Govt takes tough line against APP’s continual exploitation of burned peatlands
JAKARTA (foresthints.news) - As if unaware of the existence of a regulation prohibiting land preparation and the replanting of last year’s burned peatlands in its pulpwood concessions, a subsidiary of Asia Pulp and Paper (APP) operating in the province of South Sumatra has been shown to be conducting business-as-usual practices. This is according to a ground-check performed by Indonesia’s Ministry of the Environment and Forestry.
“The ground-check showed that this APP pulpwood company continues to carry out land preparation and replanting of acacia in last year’s burned peatlands. Separately, APP is busy with its own landscape conservation. This is one of the legal factors we took into consideration in rejecting APP’s landscape conservation,” San Afri Awang, the Director General of Forestry Planology and Environmental Governance at the ministry, told foresthints.news on Friday (Nov 11).
The Director General strongly urged APP to improve its internal management so that it didn’t need to portray a dishonest image of itself to the world.
“APP must focus on improving its compliance with Indonesian laws and regulations, particularly when it comes to their operations in drained peat domes and burned peatlands across their pulpwood concessions.”
He went on to issue a warning on the case: “Exploiting burned peatlands in their concession areas is a fatal mistake in a legal sense.”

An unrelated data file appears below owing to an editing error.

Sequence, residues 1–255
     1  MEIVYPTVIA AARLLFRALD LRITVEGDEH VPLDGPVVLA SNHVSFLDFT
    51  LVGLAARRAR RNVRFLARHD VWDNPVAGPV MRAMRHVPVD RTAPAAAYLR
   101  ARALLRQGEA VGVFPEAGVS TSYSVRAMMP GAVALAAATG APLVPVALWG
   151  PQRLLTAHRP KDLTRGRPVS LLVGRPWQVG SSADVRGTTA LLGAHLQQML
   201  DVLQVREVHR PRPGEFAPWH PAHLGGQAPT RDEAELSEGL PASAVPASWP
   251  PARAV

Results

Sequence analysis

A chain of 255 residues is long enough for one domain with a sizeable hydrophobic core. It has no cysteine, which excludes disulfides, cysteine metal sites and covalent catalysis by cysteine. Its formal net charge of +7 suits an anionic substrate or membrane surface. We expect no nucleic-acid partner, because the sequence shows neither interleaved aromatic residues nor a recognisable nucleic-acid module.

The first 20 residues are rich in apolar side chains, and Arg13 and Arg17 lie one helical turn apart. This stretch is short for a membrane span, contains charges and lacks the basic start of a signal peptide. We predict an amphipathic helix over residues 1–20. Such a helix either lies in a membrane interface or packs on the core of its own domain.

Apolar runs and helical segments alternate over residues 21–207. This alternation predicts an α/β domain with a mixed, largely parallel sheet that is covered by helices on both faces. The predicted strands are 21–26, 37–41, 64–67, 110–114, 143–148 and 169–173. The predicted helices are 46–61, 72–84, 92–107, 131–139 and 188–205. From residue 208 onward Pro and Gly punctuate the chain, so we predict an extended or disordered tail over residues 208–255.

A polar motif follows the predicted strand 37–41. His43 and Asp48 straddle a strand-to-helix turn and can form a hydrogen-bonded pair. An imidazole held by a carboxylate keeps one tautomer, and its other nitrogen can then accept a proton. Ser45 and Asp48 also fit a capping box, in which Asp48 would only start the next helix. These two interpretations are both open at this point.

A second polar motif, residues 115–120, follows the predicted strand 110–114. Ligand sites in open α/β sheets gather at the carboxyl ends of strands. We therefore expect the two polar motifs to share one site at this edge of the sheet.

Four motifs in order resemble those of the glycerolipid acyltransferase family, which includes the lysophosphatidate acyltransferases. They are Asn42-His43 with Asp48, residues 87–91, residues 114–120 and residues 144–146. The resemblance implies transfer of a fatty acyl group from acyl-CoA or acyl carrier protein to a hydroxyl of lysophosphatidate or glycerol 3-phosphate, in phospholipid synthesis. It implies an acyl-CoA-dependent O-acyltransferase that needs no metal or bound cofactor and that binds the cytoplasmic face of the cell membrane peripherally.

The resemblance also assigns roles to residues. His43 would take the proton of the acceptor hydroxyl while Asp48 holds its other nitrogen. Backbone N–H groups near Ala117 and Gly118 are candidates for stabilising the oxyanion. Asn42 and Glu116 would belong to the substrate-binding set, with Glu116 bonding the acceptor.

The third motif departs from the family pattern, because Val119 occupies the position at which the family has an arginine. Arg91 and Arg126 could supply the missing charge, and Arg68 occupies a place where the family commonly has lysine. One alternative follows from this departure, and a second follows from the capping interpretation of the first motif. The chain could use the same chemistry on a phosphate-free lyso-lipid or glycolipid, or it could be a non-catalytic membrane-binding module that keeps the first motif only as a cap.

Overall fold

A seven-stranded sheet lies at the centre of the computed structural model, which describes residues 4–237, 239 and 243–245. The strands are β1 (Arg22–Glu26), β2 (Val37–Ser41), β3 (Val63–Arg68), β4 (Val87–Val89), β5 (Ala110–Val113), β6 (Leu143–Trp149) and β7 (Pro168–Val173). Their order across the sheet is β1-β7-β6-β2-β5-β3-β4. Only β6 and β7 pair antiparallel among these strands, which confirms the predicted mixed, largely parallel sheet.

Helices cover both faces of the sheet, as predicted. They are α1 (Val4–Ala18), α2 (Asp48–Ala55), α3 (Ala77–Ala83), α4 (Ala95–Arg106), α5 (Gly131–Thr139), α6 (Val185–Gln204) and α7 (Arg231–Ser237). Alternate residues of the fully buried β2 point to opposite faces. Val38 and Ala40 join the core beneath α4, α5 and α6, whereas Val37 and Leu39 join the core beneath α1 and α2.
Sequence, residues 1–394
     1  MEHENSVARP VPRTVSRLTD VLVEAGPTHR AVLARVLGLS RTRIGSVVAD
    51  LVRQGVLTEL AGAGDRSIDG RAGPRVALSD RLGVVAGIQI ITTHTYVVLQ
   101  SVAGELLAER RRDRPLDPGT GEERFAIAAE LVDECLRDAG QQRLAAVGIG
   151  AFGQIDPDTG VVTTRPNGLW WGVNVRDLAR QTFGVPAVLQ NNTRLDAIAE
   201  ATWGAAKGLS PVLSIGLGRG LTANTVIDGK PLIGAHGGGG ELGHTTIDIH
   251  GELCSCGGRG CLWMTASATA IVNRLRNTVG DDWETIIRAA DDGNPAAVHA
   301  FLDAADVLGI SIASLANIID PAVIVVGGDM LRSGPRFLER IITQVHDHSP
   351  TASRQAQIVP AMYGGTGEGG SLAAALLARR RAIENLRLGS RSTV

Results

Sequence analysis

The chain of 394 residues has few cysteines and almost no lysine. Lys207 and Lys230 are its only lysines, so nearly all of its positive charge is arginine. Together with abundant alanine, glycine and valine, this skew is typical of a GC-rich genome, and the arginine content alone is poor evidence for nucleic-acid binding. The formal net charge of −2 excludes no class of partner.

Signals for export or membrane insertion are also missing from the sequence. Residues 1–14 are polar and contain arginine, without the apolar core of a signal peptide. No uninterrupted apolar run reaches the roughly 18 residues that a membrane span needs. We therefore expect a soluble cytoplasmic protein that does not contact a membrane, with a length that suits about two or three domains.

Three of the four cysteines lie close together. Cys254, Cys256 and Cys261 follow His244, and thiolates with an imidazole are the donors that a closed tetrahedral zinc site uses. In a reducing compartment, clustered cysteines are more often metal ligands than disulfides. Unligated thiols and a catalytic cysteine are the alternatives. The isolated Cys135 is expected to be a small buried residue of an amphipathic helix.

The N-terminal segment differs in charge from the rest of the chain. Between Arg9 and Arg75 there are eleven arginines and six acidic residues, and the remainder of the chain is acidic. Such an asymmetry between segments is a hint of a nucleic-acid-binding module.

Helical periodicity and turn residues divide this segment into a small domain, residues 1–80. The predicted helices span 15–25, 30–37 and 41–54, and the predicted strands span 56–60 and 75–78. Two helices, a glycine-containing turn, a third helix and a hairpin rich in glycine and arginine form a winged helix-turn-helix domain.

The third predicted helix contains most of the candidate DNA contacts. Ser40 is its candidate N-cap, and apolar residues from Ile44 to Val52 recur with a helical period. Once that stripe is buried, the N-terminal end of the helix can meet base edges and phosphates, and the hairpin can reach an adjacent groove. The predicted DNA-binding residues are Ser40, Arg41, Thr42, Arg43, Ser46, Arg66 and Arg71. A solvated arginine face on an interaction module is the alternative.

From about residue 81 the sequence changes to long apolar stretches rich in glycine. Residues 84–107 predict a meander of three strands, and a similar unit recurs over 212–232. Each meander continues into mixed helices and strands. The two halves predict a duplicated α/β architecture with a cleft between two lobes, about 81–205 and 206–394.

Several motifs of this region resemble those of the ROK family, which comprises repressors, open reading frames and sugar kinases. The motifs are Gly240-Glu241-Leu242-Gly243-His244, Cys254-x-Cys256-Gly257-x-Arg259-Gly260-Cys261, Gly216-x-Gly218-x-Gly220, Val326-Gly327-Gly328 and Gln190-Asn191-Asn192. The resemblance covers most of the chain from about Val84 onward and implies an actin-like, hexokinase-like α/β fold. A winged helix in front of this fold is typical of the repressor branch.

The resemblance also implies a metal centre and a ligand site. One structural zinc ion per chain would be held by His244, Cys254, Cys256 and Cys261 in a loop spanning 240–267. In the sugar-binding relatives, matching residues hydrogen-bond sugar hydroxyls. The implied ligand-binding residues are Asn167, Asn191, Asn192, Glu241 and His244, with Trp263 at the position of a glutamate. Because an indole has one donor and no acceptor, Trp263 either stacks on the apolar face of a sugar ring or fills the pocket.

These two photos illustrate that the APP company PT BAP continues to carry out land preparation and replanting of acacia in last year’s burned peatlands.
Professor San Afri added that he deeply regretted the facts on the ground which show that APP also proceeded with land preparation operations and the replanting of acacia after they had harvested in blocks included in indicative peat domes.
“The facts on the ground have made us really disappointed with APP’s operations,” he lamented.
APP’s continuance of land preparation and the replanting of acacia in indicative peat dome blocks after harvesting is evident in these two photos.
The Director General argued that the ongoing exploitation of burned peatlands and indicative peat dome blocks after harvesting makes it seem like there were no peat restoration efforts in APP’s concessions located in one big block in Ogan Komering Ilir (OKI) Regency.
“Our minister is making a bold and important point here. We have already scheduled a request for a direct explanation from APP’s owners about the findings derived from our monitoring results.”
OKI regency is one of four peat restoration priority regencies designated by President Joko Widodo by means of a presidential regulation in early January this year, in response to the extensive magnitude of last year’s peat fires in this particular regency. Major parts of three APP pulpwood concessions were very seriously affected by these peat fires.